A single question was on the lips of the thousands of investors gathered in the city of Liverpool in northwest England this week: what will happen if Britain leaves the EU?
From a small English milk producer to a large Indian employer, no fewer than 30,000 businessmen and women gathered for the International Festival for Business, the largest meeting of its kind in Britain.
The UK will go to the polls on June 23 to settle the debate on its continued EU membership.
The campaigns for and against were this week thrown into disarray after the killing of lawmaker Jo Cox just seven days before the vote.
Polls have indicated growing support for leaving, days ahead of the referendum with markets reacting nervously.
"The European referendum is clearly bringing a degree of uncertainty to business markets," said Ian McCarthy, director of the International Festival for Business.
"Let's hope that when there is a decisive result toward the end of June, business can get back to what it does best which is developing products and services," he said.
The vast exhibition hall on the banks of the River Mersey was buzzing with product presentations, conferences and private meetings, where organisers expect contracts worth £265 million ($374 million, 334 million euros) to be inked.
But in every spare moment, talk turned to the potential fallout of an exit: whether Prime Minister David Cameron's gamble in calling the vote could imperil his political future; and whether a break with Brussels bureaucracy could be positive.
"In case of a Brexit we would have the biggest recession in a generation, but we would survive," said Will Butler-Adams, CEO of Brompton Bicycle, the maker of iconic folding bikes.
"For my business I prefer to be in Europe but we would survive anyway, we would adapt."
Anyone making predictions about what would happen however, is wasting time, he added.
"You can't make figures in advance about the consequences because a Brexit would not happen overnight."
International organisations, including the International Monetary Fund, have warned that Britain's economy will suffer if it leaves.
- 'Alone and isolated' -
Proudly showing off his antique sewing machine, master leather craftsman Keith Hanshaw said he was not afraid.
From his studio in Huyton, in the suburbs of Liverpool, his small company The Leather Satchel exports bags as far as Japan and Australia.
"In the short term, nothing good would come from a Brexit. But on a medium to long term, it could help to sign free-trade agreements," said Hanshaw, an affable company executive director with a neatly trimmed beard.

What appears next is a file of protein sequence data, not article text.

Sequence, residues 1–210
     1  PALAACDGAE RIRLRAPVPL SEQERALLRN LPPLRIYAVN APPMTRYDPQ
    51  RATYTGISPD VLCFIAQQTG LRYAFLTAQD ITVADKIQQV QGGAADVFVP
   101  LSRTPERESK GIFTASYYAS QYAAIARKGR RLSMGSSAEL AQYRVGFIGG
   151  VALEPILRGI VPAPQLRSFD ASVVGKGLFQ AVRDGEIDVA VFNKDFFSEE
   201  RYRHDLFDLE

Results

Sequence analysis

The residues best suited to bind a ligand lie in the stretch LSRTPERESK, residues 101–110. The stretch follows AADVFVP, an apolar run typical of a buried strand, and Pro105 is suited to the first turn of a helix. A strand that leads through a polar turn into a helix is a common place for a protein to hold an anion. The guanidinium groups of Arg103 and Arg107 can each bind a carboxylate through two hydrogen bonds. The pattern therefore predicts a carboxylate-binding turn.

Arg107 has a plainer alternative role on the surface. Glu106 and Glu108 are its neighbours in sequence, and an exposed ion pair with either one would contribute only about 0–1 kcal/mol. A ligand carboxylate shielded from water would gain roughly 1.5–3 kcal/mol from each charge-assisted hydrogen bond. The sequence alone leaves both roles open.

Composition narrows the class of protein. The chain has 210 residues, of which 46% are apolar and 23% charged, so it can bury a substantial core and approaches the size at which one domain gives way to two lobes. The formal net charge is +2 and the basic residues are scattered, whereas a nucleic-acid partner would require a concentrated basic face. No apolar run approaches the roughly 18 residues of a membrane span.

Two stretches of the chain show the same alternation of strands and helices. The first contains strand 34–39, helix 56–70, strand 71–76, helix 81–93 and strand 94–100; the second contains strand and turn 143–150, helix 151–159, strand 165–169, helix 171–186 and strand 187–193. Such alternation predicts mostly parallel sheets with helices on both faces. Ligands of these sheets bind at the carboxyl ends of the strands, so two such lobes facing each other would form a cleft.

Leaving the bloc would allow Britain to negotiate trade deals without having to take into account the diverse interests of the EU's 27 other members, he believes.
Hanshaw is planning to vote in favour of Brexit, but admits that many of his employees are happy with the status quo.
The economic redevelopment of Liverpool and much of post-industrial Britain is vulnerable to shocks.
From the opening of the port city's first docks in 1715 to 1960 the city enjoyed two and a half centuries of prosperity.
It was the starting point of goods destined for export around the British Empire, and a departure point for emigrants from Ireland and around Europe seeking a better life in the United States.
The city experienced a steep decline after 1960, but has experienced a burgeoning revival in the last two decades.
Its docks, once the foundation of the city's wealth that fell into obsolescence, have been regenerated as a cultural and tourist hub thanks to a share of the £1.5 billion in European funds that the city has received, according to local authorities.
Work is underway to develop a new port, capable of accommodating the latest generation of container ships, due to open this year.
"The Brexiters who demand that we should leave Europe quite simply tell you that the grass is greener on the other side," said Joe Anderson, mayor of Liverpool and a member of the centre-left Labour party.
"My belief is that there would be desert on the other side and a lonely path for the UK left alone and isolated."